$10,000 Grant for EIDL Loans Subject to New Caveat

Posted By Mike Meyer, Thursday, April 9, 2020

despairing man

By Patrick O'Brien, JD, legal coordinator, American Med Spa Association

The Coronavirus Aid, Relief and Economic Security (CARES) Act became law at the end of March. It contained a number of stimulus and relief measures aimed at supporting small businesses through this economic shutdown during the coronavirus pandemic. The measures have been active for around a week, and new information on the programs comes out daily. Many of the new rules and tweaks to the programs will change how beneficial they are to your small business. We discuss some of the changes to the Paycheck Protection Program here and here, and in a webinar here. Today, we have learned of some changes with the emergency grant program tied to the Economic Injury Disaster Loan (EIDL) issued by the Small Business Administration (SBA).

In a recent SBA bulletin from the Massachusetts field office, available here, the administration states that the emergency grant will be issued at the rate of $1,000 per employee, up to $10,000. At this time, it is unclear if this is a regional rule or if it will reflect the state of the program for the whole country. However, multiple other news outlets in the last day have reported a similar change.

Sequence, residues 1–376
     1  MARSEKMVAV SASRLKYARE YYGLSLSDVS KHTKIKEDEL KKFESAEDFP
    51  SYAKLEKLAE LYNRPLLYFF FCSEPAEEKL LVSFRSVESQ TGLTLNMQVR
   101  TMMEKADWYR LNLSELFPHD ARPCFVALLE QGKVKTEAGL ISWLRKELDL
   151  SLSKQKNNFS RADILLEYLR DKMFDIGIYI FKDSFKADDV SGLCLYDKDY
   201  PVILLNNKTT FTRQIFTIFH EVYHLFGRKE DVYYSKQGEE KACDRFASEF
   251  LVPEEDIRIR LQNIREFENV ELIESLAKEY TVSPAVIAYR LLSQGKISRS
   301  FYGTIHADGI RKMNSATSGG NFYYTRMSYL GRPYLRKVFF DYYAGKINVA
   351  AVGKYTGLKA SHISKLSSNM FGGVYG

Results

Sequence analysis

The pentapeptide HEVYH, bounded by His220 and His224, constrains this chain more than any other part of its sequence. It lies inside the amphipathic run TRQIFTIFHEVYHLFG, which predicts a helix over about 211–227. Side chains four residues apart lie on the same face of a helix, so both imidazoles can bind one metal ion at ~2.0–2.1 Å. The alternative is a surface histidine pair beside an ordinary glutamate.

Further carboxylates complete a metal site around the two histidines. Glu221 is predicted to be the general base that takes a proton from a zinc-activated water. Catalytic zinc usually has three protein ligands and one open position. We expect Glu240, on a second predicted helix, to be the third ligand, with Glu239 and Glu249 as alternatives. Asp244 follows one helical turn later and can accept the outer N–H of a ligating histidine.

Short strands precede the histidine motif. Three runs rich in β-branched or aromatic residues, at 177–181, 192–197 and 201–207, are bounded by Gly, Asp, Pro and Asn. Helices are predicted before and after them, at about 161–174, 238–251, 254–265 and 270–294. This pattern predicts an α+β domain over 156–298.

Originally, this emergency grant was for up to $10,000, which can be requested when you apply for an EIDL loan. This money is not part of the EIDL loan principal and does not need to be repaid. The CARES Act requires that this grant be made within three days of the loan application, the purpose being that a small business may need a quick infusion of cash to stay viable while it waits for the loan funds to come through. Anecdotally, we have not heard of anyone yet receiving these funds.

Obviously, if this emergency grant is limited to $1,000 per employee, that makes it substantially less useful to struggling businesses who have had to lay off or furlough employees or businesses who use primarily independent contractors. Hopefully, there will be enough public backlash to have this change reversed and provide the $10,000 as written. AmSpa will continue to monitor and update the situation as it evolves.

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